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This county dropped its mask exemption for people of color after backlash

Lincoln County, Oregon, requires masks for residents. People of color won’t have to wear them

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Aalayah Eastmond, a Parkland, Fla. activist, poses for a portrait wearing a cloth face mask after leading the crowd in chants at the Lincoln Memorial in Washington on Wednesday, June 10, 2020, during protests over the death of George Floyd, a Black man who died after being restrained by Minneapolis police officers on May 25.

Aalayah Eastmond, a Parkland, Fla., activist, poses for a portrait wearing a cloth face mask after leading the crowd in chants at the Lincoln Memorial in Washington on Wednesday, June 10, 2020, during protests over the death of George Floyd, a Black man who died after being restrained by Minneapolis police officers on May 25.

Maya Alleruzzo, Associated Press

Update: Lincoln County dropped its mask exemption for people of color, citing racist backlash from the community, according to The Oregonian.

An Oregoncounty won’t ask people of color to wear face masks amid the COVID-19 pandemic over worries about racial profiling.

What’s going on?

  • Lincoln County, Oregon, currently requires most residents to wear face masks or coverings in public settings.
  • The county — an area with about 90% white residents, according to CNN — will not require non-white residents to wear masks if there is fear over harassment, the county said.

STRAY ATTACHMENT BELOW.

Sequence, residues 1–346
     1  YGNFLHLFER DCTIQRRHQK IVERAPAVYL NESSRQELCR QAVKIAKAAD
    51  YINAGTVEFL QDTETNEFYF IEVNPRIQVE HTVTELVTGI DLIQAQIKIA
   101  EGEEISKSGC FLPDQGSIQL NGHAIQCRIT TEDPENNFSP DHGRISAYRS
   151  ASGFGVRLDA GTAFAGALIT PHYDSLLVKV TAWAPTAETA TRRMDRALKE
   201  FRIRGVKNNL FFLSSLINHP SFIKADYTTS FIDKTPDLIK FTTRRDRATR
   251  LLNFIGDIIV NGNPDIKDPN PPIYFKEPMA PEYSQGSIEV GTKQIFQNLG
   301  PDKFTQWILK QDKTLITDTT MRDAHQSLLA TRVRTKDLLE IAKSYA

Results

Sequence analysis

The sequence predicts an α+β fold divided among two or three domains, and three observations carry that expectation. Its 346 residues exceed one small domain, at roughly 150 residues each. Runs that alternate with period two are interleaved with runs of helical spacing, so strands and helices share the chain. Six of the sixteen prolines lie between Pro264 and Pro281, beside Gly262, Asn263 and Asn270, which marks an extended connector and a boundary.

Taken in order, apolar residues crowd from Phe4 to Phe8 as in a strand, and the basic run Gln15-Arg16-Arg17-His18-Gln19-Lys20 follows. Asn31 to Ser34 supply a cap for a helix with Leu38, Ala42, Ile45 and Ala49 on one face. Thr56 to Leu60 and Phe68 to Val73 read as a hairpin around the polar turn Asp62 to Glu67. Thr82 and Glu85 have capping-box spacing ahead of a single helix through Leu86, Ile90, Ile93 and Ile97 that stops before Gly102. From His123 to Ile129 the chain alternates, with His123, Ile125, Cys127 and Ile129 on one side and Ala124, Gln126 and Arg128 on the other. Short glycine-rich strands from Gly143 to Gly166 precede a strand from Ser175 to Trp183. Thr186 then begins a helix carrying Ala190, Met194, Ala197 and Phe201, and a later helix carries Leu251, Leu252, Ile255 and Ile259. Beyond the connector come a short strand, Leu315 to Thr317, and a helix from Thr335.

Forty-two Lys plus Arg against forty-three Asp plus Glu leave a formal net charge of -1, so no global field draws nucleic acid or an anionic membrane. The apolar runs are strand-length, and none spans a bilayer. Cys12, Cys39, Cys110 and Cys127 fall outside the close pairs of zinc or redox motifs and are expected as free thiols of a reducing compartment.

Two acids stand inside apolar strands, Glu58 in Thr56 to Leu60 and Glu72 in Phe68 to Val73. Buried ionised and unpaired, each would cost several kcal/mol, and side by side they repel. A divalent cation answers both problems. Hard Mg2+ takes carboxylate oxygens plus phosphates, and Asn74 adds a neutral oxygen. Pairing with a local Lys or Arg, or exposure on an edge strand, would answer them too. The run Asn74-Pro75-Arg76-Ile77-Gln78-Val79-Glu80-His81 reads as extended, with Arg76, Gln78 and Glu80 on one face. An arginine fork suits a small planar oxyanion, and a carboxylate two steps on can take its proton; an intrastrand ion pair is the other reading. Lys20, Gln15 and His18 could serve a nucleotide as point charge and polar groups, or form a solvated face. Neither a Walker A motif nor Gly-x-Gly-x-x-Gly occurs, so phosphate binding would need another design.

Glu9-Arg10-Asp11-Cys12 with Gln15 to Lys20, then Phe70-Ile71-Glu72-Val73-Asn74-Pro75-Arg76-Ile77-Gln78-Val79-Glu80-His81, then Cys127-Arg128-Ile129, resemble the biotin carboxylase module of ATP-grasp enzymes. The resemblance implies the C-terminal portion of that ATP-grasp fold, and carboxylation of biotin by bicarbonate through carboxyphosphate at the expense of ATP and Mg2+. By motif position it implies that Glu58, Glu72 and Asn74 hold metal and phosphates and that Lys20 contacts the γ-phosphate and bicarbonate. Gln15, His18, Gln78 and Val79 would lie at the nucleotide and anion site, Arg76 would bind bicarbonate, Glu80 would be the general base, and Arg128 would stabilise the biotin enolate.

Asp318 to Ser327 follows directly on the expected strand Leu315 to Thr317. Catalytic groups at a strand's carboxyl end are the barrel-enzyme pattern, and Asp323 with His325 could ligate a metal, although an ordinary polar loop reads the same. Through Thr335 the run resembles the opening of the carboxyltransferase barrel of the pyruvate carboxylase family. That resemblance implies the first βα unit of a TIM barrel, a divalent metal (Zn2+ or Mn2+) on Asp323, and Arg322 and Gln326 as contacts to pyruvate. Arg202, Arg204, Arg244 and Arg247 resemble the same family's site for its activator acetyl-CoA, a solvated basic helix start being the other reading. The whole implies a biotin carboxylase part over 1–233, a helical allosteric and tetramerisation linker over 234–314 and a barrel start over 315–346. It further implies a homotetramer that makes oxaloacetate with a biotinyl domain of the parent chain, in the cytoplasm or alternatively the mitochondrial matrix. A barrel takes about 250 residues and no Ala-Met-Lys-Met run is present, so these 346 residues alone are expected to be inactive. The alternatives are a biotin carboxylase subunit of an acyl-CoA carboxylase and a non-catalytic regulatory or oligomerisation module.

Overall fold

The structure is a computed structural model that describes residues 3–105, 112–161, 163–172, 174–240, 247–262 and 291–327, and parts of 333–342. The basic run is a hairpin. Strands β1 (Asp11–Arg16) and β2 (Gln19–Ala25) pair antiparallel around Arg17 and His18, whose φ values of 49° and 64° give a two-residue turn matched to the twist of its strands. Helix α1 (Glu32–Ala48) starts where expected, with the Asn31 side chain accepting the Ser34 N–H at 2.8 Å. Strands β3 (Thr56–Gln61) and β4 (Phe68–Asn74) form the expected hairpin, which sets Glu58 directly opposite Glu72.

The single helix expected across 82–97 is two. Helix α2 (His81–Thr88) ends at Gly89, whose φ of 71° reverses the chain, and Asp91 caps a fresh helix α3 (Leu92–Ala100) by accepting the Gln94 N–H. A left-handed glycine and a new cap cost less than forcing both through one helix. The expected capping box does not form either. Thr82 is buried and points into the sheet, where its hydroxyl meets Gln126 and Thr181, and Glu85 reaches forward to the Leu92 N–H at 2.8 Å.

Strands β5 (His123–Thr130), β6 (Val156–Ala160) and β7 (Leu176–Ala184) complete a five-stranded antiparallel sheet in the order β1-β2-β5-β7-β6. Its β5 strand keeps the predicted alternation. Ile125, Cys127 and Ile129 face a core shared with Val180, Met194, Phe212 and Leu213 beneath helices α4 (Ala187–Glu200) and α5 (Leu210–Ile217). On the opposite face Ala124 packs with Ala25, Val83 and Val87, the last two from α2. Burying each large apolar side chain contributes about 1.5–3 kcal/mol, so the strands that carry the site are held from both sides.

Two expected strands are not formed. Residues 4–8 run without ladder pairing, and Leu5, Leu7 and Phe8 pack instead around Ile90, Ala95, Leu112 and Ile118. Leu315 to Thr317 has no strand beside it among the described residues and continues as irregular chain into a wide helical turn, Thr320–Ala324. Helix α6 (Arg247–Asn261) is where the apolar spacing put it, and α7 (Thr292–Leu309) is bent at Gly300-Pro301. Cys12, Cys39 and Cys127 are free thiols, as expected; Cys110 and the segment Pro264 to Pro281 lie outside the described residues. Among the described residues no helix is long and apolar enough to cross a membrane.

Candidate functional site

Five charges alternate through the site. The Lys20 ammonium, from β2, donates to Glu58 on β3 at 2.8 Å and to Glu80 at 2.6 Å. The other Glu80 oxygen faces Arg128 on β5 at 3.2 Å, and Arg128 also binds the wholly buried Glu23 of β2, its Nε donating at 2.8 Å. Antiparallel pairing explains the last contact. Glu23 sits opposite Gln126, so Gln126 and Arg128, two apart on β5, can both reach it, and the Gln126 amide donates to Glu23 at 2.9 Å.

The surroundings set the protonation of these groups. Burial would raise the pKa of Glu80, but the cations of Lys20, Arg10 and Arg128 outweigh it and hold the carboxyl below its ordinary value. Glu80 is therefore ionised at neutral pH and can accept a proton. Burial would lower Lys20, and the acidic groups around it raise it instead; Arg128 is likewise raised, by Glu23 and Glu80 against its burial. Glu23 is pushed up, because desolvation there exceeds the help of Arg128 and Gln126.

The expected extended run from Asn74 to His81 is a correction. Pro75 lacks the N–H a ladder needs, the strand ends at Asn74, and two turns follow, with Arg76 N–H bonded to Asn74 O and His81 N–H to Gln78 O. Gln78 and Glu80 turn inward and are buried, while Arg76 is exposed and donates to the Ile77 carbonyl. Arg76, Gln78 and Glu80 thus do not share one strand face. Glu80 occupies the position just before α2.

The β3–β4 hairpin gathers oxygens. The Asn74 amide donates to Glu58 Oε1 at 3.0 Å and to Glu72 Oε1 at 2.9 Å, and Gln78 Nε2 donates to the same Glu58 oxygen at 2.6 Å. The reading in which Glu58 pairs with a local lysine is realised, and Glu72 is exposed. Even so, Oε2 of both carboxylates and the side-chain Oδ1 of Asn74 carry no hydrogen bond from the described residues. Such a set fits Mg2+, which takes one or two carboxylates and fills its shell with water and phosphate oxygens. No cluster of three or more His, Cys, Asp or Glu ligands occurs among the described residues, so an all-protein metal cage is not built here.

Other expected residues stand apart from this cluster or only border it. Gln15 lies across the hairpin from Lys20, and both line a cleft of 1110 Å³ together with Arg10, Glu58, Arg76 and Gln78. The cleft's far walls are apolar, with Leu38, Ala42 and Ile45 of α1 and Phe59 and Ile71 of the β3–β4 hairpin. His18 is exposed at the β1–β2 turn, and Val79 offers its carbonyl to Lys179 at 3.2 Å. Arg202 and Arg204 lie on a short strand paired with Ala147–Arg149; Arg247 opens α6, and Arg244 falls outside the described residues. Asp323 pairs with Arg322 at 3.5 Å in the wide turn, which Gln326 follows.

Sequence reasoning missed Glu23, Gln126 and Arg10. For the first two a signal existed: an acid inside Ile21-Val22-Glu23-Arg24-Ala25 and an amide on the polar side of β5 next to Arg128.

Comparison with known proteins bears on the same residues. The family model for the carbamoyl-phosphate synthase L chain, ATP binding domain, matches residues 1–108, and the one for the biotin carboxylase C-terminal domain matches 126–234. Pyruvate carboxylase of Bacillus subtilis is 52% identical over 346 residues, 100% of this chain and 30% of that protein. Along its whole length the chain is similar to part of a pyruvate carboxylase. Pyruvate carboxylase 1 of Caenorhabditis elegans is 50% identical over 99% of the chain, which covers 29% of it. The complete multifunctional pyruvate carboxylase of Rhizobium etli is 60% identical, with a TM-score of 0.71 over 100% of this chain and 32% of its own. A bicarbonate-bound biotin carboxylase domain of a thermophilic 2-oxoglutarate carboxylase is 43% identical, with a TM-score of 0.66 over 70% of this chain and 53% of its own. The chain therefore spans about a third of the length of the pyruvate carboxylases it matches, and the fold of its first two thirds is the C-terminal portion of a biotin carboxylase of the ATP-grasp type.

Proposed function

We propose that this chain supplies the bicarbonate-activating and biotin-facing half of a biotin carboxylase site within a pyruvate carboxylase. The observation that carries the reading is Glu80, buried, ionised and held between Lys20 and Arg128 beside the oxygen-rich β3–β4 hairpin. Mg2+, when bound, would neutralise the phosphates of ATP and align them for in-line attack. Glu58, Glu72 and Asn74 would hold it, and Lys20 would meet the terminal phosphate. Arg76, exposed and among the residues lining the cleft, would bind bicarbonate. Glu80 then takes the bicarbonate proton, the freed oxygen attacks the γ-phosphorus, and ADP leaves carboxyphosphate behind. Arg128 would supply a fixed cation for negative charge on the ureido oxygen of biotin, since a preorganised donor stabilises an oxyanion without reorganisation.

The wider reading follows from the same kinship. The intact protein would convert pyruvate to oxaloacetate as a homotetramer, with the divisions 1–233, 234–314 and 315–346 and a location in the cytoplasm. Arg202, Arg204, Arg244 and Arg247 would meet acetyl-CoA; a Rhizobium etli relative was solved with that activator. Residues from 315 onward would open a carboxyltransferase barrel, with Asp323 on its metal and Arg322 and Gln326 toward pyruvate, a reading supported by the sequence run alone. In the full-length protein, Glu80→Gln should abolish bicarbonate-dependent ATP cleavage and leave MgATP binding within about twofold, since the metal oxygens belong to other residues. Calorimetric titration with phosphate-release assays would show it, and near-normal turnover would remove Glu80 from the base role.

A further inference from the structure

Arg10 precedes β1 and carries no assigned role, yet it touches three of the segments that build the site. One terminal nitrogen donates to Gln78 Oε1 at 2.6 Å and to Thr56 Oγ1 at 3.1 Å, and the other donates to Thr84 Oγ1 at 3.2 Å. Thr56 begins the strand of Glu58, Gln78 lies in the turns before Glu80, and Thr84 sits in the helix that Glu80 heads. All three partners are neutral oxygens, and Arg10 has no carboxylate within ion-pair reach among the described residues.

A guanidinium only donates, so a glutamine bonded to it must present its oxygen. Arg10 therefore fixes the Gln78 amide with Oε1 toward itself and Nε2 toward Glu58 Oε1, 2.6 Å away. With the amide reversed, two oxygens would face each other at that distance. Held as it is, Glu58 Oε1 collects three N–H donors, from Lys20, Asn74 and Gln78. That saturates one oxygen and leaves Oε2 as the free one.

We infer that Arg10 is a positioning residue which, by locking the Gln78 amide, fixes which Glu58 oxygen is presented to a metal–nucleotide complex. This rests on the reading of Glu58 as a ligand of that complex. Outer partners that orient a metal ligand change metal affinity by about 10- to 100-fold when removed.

• CNN said: “It’s one of the first counties in the U.S. to exempt people of color from wearing masks to prevent racial profiling.”
  • People with disabilities or medical conditions whose breathing could be hindered from the mask also won’t be required to wear the masks.

This is about safety, according to ACLU

  • ReNika Moore, director of the ACLU’s Racial Justice Program, said the face mask can be lose-lose for Black people, according to New York Post.
  • Moore said: “For many Black people, deciding whether or not to wear a bandanna in public to protect themselves and others from contracting coronavirus is a lose-lose situation that can result in life-threatening consequences either way.”
  • Trevon Logan, an economics professor at Ohio State University (via New York Post): “This is in the larger context of Black men fitting the description of a suspect who has a hood on, who has a face covering on. It looks like almost every criminal sketch of any garden-variety Black suspect.”